EGFP-occludin overexpression limits barrier loss and prevents diarrhea induced by TNF
As shown in Fig. 1 and a previous study (Clayburgh et al., 2006), recombinant TNF administration induces occludin endocytosis and barrier loss in wild-type mice. Similar endocytosis of EGFP-occludin also occurs in transgenic mice (Fig. 2). However, jejunal enterocytes from these transgenic mice express over twice as much occludin as do jejunal enterocytes from wild-type mice (Fig. 3 A). This suggests that occludin overexpression in these transgenic mice might result in relative preservation of tight junction–associated occludin and barrier function after TNF treatment. Consistent with this hypothesis, cell profiles at the level of the tight junction (orthogonal to the apical–basal orientation) showed marked preservation of tight junction–associated occludin in TNF-treated EGFP-occludin transgenic mice (Fig. 3 B). In contrast, similar images from TNF-treated wild-type mice showed loss of occludin from ZO-1–retaining tight junction segments (Fig. 3 B). This suggested that preservation of tight junction–associated occludin might also prevent TNF-induced barrier loss. Although TNF treatment did cause barrier loss in EGFP-occludin transgenic mice, the effect was markedly decreased relative to the barrier loss induced in wild-type mice (P < 0.05; Fig. 3 C). Moreover, although intestinal water absorption was reduced (Fig. 3 D), likely because of NHE3 inhibition (Clayburgh et al., 2006), EGFP-occludin transgenic mice continued to absorb water after TNF treatment (P < 0.01; Fig. 3 D). Thus, preservation of tight junction–associated occludin as a result of EGFP-occludin expression reduces barrier loss and restores net water absorption despite TNF treatment. These data indicate that occludin removal from the tight junction is central to both the barrier defect and diarrhea associated with TNF treatment and, therefore, represent the first in vivo evidence of a functional role for occludin with regard to intestinal barrier function.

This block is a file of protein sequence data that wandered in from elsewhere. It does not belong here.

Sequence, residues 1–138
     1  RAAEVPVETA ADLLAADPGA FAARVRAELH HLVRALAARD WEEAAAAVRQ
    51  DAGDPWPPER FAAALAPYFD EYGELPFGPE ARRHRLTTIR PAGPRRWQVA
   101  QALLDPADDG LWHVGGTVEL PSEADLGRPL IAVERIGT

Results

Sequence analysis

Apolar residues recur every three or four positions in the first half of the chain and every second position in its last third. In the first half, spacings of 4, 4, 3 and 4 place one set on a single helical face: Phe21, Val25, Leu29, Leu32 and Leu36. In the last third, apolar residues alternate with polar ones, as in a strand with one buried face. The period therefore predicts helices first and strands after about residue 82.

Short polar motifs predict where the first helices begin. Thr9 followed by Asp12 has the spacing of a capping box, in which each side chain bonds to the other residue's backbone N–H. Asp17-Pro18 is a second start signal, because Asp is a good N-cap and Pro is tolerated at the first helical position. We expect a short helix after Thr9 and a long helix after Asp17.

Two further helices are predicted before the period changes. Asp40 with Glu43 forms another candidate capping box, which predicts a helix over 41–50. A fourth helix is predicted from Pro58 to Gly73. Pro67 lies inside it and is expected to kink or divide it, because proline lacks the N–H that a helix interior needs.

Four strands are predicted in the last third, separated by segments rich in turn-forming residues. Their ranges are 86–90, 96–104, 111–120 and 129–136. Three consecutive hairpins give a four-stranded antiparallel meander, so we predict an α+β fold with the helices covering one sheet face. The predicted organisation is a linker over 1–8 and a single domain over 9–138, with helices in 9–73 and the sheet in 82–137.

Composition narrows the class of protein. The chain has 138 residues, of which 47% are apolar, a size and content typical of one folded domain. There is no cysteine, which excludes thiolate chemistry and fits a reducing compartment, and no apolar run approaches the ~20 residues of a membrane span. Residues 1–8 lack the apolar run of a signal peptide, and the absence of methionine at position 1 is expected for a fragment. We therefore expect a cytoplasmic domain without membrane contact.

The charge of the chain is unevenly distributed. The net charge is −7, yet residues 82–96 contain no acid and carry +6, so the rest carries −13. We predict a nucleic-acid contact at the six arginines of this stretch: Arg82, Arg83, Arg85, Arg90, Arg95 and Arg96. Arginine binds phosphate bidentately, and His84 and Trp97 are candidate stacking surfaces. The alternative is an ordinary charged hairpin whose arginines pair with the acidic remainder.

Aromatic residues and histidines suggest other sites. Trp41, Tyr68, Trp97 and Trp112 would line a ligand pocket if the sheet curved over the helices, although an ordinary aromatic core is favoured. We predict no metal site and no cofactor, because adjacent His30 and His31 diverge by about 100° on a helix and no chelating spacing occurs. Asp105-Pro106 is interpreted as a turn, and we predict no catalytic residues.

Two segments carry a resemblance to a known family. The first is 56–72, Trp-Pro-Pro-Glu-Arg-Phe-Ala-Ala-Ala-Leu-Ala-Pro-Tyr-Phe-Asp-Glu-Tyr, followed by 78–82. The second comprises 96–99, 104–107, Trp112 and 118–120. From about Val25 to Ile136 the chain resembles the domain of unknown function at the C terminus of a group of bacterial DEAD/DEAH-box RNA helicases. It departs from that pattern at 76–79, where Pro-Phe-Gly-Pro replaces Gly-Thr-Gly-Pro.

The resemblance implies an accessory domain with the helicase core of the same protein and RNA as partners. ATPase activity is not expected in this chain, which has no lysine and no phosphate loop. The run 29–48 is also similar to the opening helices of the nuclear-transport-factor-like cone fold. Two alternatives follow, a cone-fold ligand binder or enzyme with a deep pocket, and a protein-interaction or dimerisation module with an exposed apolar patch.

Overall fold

TNF-induced occludin internalization can be blocked by endocytosis inhibitors
The aforementioned data demonstrate that occludin internalization is closely associated with TNF-induced barrier loss. Therefore, the mechanism of in vivo TNF-induced occludin endocytosis was of interest. Unfortunately, a variety of studies using cultured monolayers have reported occludin internalization via clathrin-mediated endocytosis (Ivanov et al., 2004b), macropinocytosis (Bruewer et al., 2005), and caveolar endocytosis (Shen and Turner, 2005). Initially, a pharmacological approach was used to characterize TNF-induced occludin internalization in vivo. Drugs were delivered apically within the intestinal lumen, thereby limiting systemic exposure. The ability of the small molecule dynasore, which inhibits dynamin (Macia et al., 2006), to prevent TNF-induced occludin endocytosis was tested. Consistent with in vitro experiments of epithelia-expressing dominant-negative dynamin II (Shen and Turner, 2005), dynasore caused a small increase in occludin-containing vesicles within intestinal epithelia (Fig. 4, A and B). This may indicate a role for dynamin in basal occludin trafficking. However, dynasore prevented TNF-induced increases in the number of occludin-containing vesicles (Fig. 4, A and B). Thus, TNF triggers occludin endocytosis by a dynamin-dependent process.